Click on the images below to get to a larger view which should be more suitable for capture and use. The maximum size is 3504×2336, so you should be able to reduce/select from that to fit any reasonable size display (and if your display is larger than that, I don’t think I want to hear about it!).

Key 1 Key 2

Key 3 Key 4

Red brick Stone 1

Stone 2 Stone 3

At the Distillery

Part of my daughter’s university graduation included a “Grad Show” in which student artwork was displayed. Yesterday I went down with her to pick up her exhibit, and found myself with a little time on my hands in the Distillery District which is the ‘best preserved collection of Victorian Industrial Architecture in North America’ according to the web site. It was a quiet day, and I made a QuickTime VR record of the location. Before you click on the link, be aware this is a 7.4 Mb file and will take quite some time to load on a dial-up connection.

Lens Work #59

I was looking at the current issue of Lens Work and admiring the gorgeous black levels in the photos. They achieve an incredibly deep warm black which is comparable in quality to the very best art prints. Mind you, the magazine is expensive for its size, so I suppose you should expect high quality, but it’s supported entirely by sales rather than advertising, so I still expect money will be tight in their operation.

I find Lens Work is always worth a look, even when the content is not to my taste. I dislike Carol Golemboski’s “Psychometry” images, but it’s necessary for me to see them to figure out why I don’t like them.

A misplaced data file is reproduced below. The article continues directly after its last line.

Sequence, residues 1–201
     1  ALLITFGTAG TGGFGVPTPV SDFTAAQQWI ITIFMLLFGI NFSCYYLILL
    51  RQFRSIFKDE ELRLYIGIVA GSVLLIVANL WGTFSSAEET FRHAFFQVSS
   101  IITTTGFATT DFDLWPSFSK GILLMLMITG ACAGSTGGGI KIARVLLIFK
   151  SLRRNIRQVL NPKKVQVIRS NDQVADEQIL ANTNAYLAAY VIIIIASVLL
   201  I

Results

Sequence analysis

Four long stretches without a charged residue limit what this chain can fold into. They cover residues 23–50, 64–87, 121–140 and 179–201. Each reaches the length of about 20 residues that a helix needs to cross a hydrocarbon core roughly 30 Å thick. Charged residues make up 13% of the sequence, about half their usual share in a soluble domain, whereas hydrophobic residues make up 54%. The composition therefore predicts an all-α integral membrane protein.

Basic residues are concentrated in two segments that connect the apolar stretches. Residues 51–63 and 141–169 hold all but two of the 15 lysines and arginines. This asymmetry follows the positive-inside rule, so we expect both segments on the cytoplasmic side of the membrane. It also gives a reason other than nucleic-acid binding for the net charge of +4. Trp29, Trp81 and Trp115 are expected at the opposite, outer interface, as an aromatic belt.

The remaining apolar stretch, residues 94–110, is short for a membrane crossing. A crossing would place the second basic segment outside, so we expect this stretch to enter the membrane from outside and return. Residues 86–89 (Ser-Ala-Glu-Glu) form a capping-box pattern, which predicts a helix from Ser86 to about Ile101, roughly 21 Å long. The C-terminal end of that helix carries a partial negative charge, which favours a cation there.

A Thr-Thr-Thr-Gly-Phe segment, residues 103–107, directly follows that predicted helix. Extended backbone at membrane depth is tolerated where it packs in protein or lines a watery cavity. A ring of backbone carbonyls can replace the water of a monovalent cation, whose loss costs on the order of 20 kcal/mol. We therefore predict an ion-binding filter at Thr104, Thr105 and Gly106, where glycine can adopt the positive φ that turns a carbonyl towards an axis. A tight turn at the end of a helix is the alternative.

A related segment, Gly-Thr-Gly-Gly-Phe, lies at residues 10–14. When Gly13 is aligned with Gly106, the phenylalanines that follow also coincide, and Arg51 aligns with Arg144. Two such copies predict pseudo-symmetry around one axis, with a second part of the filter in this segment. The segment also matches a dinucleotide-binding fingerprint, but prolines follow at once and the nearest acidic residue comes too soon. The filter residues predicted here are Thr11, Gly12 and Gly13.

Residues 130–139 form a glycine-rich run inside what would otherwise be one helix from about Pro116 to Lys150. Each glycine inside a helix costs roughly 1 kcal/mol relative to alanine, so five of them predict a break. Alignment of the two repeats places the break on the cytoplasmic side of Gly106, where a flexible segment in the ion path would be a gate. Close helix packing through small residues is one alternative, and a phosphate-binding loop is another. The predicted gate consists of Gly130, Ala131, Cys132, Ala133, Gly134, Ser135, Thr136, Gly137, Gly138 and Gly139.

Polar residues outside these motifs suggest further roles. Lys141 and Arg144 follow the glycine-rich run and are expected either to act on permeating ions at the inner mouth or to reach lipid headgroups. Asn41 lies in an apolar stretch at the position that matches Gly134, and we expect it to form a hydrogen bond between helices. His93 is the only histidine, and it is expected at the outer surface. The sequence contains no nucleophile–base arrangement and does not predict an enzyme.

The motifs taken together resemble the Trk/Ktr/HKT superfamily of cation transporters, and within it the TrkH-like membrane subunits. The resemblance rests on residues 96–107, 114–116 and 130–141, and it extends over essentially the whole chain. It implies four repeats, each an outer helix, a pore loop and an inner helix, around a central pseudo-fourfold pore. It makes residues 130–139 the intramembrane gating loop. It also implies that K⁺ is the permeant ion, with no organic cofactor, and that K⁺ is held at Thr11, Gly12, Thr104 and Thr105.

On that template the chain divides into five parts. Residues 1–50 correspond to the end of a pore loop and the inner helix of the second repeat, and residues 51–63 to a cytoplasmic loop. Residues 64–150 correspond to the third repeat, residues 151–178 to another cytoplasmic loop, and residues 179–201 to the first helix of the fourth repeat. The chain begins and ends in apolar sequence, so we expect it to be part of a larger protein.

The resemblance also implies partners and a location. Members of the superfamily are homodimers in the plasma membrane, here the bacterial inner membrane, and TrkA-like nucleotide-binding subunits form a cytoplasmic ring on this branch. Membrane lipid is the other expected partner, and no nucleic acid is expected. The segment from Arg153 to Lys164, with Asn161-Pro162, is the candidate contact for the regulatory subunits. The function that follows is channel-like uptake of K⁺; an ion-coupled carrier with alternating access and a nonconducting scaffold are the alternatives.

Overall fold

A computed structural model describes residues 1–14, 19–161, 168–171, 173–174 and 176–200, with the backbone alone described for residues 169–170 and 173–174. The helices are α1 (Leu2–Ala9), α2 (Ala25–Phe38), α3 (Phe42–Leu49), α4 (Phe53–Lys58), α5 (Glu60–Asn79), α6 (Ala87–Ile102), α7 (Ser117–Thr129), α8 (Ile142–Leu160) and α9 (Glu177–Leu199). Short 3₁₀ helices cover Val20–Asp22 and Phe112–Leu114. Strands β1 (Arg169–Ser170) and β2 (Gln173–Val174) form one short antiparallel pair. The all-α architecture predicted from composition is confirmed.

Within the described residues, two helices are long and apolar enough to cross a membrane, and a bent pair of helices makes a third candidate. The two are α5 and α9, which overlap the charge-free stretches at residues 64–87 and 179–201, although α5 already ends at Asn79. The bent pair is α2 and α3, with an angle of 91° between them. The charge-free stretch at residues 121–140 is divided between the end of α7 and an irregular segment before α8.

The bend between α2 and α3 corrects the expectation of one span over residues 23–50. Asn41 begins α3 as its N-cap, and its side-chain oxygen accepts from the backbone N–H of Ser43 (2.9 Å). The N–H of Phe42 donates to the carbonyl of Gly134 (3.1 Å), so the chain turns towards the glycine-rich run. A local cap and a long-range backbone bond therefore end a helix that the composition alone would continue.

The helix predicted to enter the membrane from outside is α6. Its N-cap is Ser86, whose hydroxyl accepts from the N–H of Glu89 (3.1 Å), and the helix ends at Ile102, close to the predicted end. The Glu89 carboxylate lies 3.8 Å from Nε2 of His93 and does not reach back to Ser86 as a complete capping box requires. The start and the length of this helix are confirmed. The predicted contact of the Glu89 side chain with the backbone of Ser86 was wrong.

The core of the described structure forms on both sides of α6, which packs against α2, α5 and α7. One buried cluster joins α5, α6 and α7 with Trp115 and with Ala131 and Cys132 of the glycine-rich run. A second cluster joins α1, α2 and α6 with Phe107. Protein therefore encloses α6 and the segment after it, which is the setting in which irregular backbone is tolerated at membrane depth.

Finding images

If you want to see the images on the blog, search for “jpg” in order to find the jpeg images which are linked in to the articles (this article will give a false positive). The search box is at the right side of the page.

Also at the right side of the page are links to the NYAA image Gallery site, plus links to my own Gallery site here at zerobyzero, and a further link to a pbase site which I use occasionally.

The banner picture is a detail from the Lagoon/Triffid Nebulae image elsewhere on the site.

Going (more) digital

Today was very painful. I bundled up my trusty — but old — Nikon F801 and Nikkor lenses, and trekked off to camera stores to see what sort of trade-in I could get for them. It’s a wrench to give up Nikon glass, but I don’t trust the Nikon digitals for astrophotography. Some folks have managed to do good work with them, but “Christian Buil”: has worked with the RAW image and finds it not to be truly RAW, but slightly manipulated first. He has a workaround, but it’s a misfeature which argues against purchase. So, as of today, the only Nikon in my kit is a “Nikon 5700″: Even that is irritating — I found that a RAW 5700 image of M42 had dark rings around the stars. Basically I have given up on Nikon for astro-imaging, and have sold off almost all of my Nikon glass ($50 takes the last piece, an 85-250 mm F4.5-f5.6 zoom lens dating from the mid-sixties ), to be replaced by (ugh!) an IS 18-85 zoom for a “Canon 20D”: body. My astronomy cookie jar is now empty (and now dwells in some sort of negative hyperspace). It looks as though my “Starfest”: swap table hunt will be a little shorter this year.